Venous Thrombosis and Conjugated Equine Estrogen in Women Without a Uterus

Leiden University, Leyden, South Holland, Netherlands
Archives of Internal Medicine (Impact Factor: 17.33). 05/2006; 166(7):772-80. DOI: 10.1001/archinte.166.7.772
Source: PubMed


Postmenopausal hormone therapy has been associated with a 2- to 3-fold increased risk of venous thromboembolism (VT) (including deep vein thrombosis and pulmonary embolism) in observational studies and secondary prevention clinical trials. Clinical trial data on the effects of estrogen alone on VT are limited.
The Women's Health Initiative estrogen trial enrolled 10 739 women aged 50 to 79 years without a uterus. Participants were randomly assigned to receive conjugated equine estrogen (0.625 mg/d) or placebo.
During a mean of 7.1 years, VT occurred in 111 women randomly assigned to receive estrogen (3.0 per 1000 person-years) and 86 randomly assigned to receive placebo (2.2 per 1000 person-years; hazard ratio, 1.32; 95% confidence interval, 0.99-1.75). Deep venous thrombosis was reported in 85 women randomly assigned to receive estrogen (2.3 per 1000 person-years) and 59 randomly assigned to receive placebo (1.5 per 1000 person-years; hazard ratio, 1.47; 95% confidence interval, 1.06-2.06). The VT risk was highest in the first 2 years. There were no significant interactions between estrogen use and age, body mass index, or most other VT risk factors. Comparison of Women's Health Initiative VT findings for estrogen and previous Women's Health Initiative findings for estrogen plus progestin showed that the hazard ratios for estrogen plus progestin were significantly higher than those for estrogen alone (P = .03), even after adjusting for VT risk factors.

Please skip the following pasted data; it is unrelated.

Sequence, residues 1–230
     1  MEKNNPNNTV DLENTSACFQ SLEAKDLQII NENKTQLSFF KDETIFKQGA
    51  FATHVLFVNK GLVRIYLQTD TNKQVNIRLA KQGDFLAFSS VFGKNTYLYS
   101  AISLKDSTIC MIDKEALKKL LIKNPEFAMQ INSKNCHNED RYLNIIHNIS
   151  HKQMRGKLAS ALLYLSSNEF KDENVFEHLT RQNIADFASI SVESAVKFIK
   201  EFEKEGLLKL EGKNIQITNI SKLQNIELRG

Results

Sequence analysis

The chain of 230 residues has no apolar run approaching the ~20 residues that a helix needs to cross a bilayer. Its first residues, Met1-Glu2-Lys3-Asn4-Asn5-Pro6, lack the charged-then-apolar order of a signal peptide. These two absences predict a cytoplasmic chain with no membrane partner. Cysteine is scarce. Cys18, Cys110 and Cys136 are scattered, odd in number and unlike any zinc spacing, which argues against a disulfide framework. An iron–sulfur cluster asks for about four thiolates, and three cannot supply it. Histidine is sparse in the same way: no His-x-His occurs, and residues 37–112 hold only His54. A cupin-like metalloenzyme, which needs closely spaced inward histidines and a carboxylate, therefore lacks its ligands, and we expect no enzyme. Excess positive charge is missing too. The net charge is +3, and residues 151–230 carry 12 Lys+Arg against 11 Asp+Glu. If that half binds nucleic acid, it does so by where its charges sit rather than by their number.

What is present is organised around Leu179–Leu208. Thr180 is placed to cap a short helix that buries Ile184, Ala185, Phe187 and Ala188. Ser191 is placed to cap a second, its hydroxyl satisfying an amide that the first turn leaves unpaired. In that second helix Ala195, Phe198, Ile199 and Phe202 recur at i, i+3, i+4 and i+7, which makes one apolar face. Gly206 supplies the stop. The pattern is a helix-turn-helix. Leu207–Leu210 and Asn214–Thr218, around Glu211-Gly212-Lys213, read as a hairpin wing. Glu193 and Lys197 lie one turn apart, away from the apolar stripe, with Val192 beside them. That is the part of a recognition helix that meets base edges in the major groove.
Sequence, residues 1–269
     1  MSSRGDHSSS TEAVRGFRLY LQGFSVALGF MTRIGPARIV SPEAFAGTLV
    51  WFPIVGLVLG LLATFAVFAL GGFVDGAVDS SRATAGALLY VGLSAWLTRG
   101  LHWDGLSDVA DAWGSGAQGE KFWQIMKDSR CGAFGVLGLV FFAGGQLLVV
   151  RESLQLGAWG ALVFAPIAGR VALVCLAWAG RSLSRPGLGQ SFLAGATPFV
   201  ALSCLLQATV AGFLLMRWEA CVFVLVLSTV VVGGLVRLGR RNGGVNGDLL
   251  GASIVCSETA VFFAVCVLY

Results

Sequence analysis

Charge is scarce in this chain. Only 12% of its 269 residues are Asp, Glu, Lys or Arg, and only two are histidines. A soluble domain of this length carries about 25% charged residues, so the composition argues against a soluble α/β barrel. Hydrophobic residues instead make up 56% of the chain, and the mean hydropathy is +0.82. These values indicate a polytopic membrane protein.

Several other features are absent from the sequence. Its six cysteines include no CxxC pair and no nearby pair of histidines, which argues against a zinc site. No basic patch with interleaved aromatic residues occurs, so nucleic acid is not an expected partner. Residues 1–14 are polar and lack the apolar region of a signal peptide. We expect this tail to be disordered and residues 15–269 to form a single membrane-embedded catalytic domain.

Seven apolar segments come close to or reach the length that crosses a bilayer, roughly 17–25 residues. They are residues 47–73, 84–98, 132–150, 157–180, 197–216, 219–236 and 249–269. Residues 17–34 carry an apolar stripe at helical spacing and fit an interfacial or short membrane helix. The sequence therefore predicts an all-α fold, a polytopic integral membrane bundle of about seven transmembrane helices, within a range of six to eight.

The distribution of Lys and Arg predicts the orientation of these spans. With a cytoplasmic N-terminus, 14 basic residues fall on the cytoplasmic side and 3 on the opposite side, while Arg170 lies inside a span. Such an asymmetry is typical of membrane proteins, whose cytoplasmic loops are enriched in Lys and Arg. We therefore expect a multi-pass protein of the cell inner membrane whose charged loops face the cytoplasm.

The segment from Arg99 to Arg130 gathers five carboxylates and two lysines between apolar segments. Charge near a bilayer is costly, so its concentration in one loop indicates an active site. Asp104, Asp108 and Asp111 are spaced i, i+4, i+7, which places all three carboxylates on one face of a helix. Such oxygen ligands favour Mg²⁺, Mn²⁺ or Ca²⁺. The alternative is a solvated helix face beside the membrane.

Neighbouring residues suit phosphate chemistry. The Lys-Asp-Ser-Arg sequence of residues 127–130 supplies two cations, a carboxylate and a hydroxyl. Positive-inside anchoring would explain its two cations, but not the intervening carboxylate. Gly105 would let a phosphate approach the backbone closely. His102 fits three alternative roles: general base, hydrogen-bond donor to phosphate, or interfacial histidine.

An early increased VT risk is associated with use of estrogen, especially within the first 2 years, but this risk increase is less than that for estrogen plus progestin.

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Available from: Paul F Bray, Sep 02, 2014
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    • "Smoking itself is a weak risk factor for incident VT (Blondon et al, 2013). Therefore, our results suggest that smoking is not an important factor for the development VT in users of oral HT, similarly to those of the WHI clinical trial (Cushman et al, 2004; Curb et al, 2006). Our findings contrast with the observed synergistic effect of smoking and OC on the risk of VT (Pomp et al, 2008). "

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    • "Regarding pulmonary embolism, compared with those in the placebo group, women in the estrogen–progestin group experienced a statistically significant doubling of risk [15]. Assignment to estrogen alone appeared to raise the risk by 37%; this increase was not statistically significant [19]. No clear effect modification by age or time since menopause was apparent. "
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    • "In some studies, the observed effects were similar for the two preparations for some outcomes , including stroke (Hendrix et al., 2006; Wassertheil- Smoller et al., 2003) and hip fracture (Cauley et al., 2003; Jackson et al., 2006), whereas E þ P effects were unfavorable compared to those for E-alone for other outcomes, including coronary heart disease (CHD) (Hsia et al., 2006; Manson et al., 2003), breast cancer (Chlebowski et al., 2003; Stefanick et al., 2006), and venous thromboembolism (VT) (Curb et al., 2006; Cushman et al., 2004). The spectrum of biological changes induced by hormone therapy in relation to the outcome effects has remained unclear. "
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